BAL Senior Associate Stephen Parker is speaking this week at the American Immigration Lawyers Association (AILA) Texas Chapter Spring Conference on the topics of PERM prevailing wage and pay transparency. We recently sat down with Stephen, who practices at the firm’s Dallas headquarters, for a conversation about trending issues in immigration and his approach to the profession.  

How long does the Prevailing Wage Determination (PWD) process take in 2023?

I’m now seeing PWDs back that were requested in September 2022 — so that’s about 6-7 months! It’s actually improved a bit recently, but when PWDs get to be more than just six months, the overall process becomes difficult to manage. 

Why is the U.S. Department of Labor (DOL) taking so long to issue PWDs this year?

It’s due in part to the increased demand for PWDs and volume of requests. One possible reason for significant delays last year is that the DOL Standard Occupational Classification (SOC) codes were put into use in July 2022, an update that was previously delayed due to COVID-19. It might have been taking DOL analysts more time to process PWDs using the new coding system.    

Can employers expedite their PWD applications?

There is no way to speed up a PWD. The DOL accepts PWDs and issues them in the order received — first in, first out, without a possibility for expedited requests. 

Do you predict that DOL’s PWD processing time will improve in FY2023, and how are your clients being affected?

There’s not really a good way to predict upcoming processing times. DOL suffers from a lack of staff and budget issues. They’re at the mercy of bureaucratic funding, so if there’s a government shutdown due to a budget fight, things are going to get much worse.  

There are real issues with significantly delayed processing times, like clients’ employees having to leave the U.S. because their green card case is not far enough along or their children aging out of the process.  

What is your approach to helping employers overcome immigration obstacles such as these?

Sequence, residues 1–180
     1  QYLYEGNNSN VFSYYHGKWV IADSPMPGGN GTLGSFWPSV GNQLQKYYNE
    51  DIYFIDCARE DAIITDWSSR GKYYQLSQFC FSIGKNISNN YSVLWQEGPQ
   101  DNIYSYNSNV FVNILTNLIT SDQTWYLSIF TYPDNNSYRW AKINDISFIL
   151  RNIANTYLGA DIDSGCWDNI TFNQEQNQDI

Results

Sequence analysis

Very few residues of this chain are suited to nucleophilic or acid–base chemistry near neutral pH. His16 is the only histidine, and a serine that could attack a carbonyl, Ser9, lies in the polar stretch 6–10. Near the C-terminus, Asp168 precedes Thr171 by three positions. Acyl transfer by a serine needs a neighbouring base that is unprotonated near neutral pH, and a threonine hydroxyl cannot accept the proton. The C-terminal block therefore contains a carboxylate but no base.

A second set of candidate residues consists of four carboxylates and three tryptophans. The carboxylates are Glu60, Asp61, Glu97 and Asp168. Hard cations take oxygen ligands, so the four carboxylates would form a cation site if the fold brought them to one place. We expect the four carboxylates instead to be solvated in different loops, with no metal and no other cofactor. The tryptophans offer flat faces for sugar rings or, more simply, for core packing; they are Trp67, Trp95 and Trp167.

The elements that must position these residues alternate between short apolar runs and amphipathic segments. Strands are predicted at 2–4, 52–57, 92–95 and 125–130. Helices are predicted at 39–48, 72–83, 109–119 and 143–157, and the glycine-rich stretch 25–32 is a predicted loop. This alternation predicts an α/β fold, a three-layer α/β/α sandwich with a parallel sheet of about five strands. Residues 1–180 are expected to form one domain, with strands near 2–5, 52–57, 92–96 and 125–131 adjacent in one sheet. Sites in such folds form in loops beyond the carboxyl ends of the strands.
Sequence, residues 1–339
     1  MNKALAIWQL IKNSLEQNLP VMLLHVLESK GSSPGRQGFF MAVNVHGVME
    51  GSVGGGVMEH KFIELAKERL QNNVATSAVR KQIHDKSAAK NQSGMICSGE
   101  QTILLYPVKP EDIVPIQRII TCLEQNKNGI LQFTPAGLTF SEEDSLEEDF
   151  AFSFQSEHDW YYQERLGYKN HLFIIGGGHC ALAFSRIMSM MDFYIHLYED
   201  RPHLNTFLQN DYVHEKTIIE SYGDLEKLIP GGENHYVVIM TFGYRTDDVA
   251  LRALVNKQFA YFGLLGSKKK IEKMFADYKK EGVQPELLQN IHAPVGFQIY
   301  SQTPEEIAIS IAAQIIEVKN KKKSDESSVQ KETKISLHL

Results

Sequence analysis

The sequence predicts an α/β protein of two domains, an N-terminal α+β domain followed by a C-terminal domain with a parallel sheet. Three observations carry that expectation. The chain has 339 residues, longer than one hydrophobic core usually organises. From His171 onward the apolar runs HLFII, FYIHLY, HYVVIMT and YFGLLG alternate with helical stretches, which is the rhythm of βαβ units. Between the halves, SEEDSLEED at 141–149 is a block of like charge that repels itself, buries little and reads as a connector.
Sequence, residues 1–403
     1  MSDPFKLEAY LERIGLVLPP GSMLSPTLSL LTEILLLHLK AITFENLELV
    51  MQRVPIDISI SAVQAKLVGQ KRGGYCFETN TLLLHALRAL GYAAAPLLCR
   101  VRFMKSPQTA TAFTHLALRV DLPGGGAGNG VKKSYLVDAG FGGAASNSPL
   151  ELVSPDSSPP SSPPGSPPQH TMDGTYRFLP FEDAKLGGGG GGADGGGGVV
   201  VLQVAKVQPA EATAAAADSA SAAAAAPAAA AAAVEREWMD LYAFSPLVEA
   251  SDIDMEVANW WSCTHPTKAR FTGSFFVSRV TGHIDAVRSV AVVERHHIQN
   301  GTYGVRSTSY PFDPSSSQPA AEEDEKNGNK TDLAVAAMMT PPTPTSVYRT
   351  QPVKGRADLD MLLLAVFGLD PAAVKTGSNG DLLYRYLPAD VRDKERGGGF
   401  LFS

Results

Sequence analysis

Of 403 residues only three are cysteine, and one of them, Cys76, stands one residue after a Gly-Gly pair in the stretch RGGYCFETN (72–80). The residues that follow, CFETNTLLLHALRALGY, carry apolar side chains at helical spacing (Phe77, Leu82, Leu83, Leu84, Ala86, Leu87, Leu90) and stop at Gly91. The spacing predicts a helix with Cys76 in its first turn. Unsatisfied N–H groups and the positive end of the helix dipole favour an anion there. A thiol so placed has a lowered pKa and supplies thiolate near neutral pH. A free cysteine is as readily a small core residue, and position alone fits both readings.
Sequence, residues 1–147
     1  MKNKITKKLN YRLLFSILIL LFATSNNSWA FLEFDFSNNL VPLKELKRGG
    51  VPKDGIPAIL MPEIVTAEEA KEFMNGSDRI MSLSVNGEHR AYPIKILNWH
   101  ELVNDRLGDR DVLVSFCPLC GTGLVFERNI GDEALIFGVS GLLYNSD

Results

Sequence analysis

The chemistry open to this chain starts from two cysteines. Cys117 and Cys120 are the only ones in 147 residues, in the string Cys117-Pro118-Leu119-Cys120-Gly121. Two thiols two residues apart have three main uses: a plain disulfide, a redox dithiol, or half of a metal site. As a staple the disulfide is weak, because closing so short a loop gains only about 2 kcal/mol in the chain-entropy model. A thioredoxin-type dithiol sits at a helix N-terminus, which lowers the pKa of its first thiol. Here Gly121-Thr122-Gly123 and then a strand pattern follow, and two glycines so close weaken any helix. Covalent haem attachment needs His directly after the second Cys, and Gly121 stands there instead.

I’m passionate about getting clients through a very complicated process. That’s what drives me. I’m especially inspired by the stories of the employees of our clients where they’re from, and their boldness, tenacity, courage and willingness to go through this process because they really want to live in America.  

What would it be like for you on a given day without the technology we have here to manage cases?

Before coming to BAL I was stressed, dealing with less robust off-the-shelf software solutions that didn’t manage cases. Here at BAL, because of our Cobalt® technology, we’re able to manage a high volume of cases effectively through detailed case management and reporting technology.  

Why did you choose immigration law as a profession, and what do you enjoy most about it?

I attended a small liberal arts college in Los Angeles, and I got to be friends with a lot of foreign students from all over the world. I loved their stories and getting to know them. After serving in AmeriCorps, I developed an interest in community and law and policy. I decided to become a paralegal first, and it was just by coincidence that the first job I applied to was an immigration firm.  

I enjoy the win-win of helping somebody come to the U.S., helping an employer fill a job vacancy and helping America to grow and become more diverse, interesting and talented.  

Stephen Parker is a Senior Associate in the Dallas office of BAL, where he represents multinational corporations in immigration matters, including PERM labor certification, EB immigrant petitions and Adjustment of Status (AOS). He has a background in corporate immigration for the software industry and is an in-demand speaker at AILA conferences, CLEs and university events. Dedicated to pursuing the exceptional in immigration, Stephen assists his clients with retaining top global talent and also provides free legal assistance at citizenship workshops and through BAL’s pro bono committee.